archaeological Saxon information

Completely different, but very enriching information about the early history of the Saxons was the archaeological research in Saksenland (Old Saxony). One of the archaeologists looked at the contributions of his colleagues as some parts of a great mosaic which was far from complete. But the excavating of settlements, the exposing of numerous grave-fields and the many artefacts gave not only an image of the daily lives of the Saxons in the early Middle Ages; they also gave information about:

– the housing

– the settlements

– the livestock

– the food

– the religion and gods worship

– the tools

– the ways of cremating and burying

– the level of craftsmen and artists

The now following short descriptions of a number of excavations in the German and Dutch part of Saksenland (Old Saxony) only give an impression of the Saxon society in the period of the 2nd century until about 700. And also of the changes that took place by contacts with the Romans and the approaching christianity.

Generally Saxon settlements were on sandy, higher grounds near a waterway or lake. The big archaeological and geological undertaken research in Raalte and it’s surroundings showed that the flanks of sand ridges were favorable locations. The soil was good to be worked and to drain. The settlements varied in size from a few farmhouses with outbuildings to villages with some dozen farms.

saxon settlement of wijster 4th century
settlement of “the king of Beilen”

The most important in a settlement were the big “woonstalhuizen” – which translates to something like “residential stable houses” – I can best describe it as an early germanic longhouse without the use of bricks that could be up to 35m in length! These homesteads had a residential-  work- and stable section. In the residential section there was a hearth, in the stable section were “boxes” for the cattle and ditches for carrying off the dung. There was room for up to 20 pieces of livestock.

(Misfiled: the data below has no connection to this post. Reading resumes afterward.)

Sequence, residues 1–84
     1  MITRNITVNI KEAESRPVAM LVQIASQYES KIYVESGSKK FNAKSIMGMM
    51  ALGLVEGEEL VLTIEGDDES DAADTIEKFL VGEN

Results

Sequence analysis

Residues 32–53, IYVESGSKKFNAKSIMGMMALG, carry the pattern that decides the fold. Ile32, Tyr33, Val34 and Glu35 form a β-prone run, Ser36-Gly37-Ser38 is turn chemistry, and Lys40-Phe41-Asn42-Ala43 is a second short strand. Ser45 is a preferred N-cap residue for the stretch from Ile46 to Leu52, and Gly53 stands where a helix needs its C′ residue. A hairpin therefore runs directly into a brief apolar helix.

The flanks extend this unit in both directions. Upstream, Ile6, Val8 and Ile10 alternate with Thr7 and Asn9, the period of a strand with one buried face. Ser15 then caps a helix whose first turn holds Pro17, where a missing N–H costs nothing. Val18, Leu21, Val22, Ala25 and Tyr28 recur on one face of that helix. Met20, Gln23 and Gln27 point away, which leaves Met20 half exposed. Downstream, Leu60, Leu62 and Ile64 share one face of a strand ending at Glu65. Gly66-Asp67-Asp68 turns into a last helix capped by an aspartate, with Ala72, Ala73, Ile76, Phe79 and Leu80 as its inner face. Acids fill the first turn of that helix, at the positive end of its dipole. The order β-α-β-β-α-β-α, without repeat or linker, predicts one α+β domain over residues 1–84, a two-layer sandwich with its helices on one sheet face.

woonstalhuis ijzertijd

The cow was milk- pull- and slaughter animal

The horse was pull-, ride-, slaughter- and offering animal

The sheep supplied wool, flesh and leather

There also were chickens, geese and ducks.

The Saxons were also very proficient in catching fish, and also hunting provided alot of nutriment.

vorstengraf / fürstengrab
the grave monument of a chieftain

Surprising results came from the research after “king graves / chieftain / ruler graves” from the middle of the 2nd centure near the city Hitzacker, to the South-East of Lüneburg. Besides the large longhouses, they also found “hut bowls” or better:”pit huts” that served as workshops and storage places. Thereof could be seen that he meals of the Saxons were varied: All kinds of fish from the Elbe, species of game (deer, roe, boar), meat of cow, horse, sheep, pigs and goats. There was also found a Roman muller that had to be transported there over water or by land. They also found iron nails, which in that time in Saksenland (Old Saxony) still were very scarce, and further knives of different sizes, bodkins, needles, brooches, closures of necklaces and also a Roman Fibula.

Translating takes alot more effort and time then I expected haha – let me know if you find this information useful! I planned to make many more info posts like these because it’s a topic I really enjoy studying. If you find some really annoying grammar or spelling errors, please do let me know so I can correct them. I am not an English speaker – I do my best to share knowledge to a broad audience, that’s why I do it in English.

I hope you enjoyed the read 🙂 – there’s many more to come haha – but not today!


Published by


Interested in germanic heathenry, lore, original fairy- and folktales, shamanism and lots of other related worldly stuff. I walk and cycle alot in nature, read, play various instruments etc.

One thought on “archaeological Saxon information”

Leave a Reply

Fill in your details below or click an icon to log in: Logo

You are commenting using your account. Log Out / Change )

Twitter picture

You are commenting using your Twitter account. Log Out / Change )

Facebook photo

You are commenting using your Facebook account. Log Out / Change )

Google+ photo

You are commenting using your Google+ account. Log Out / Change )

Connecting to %s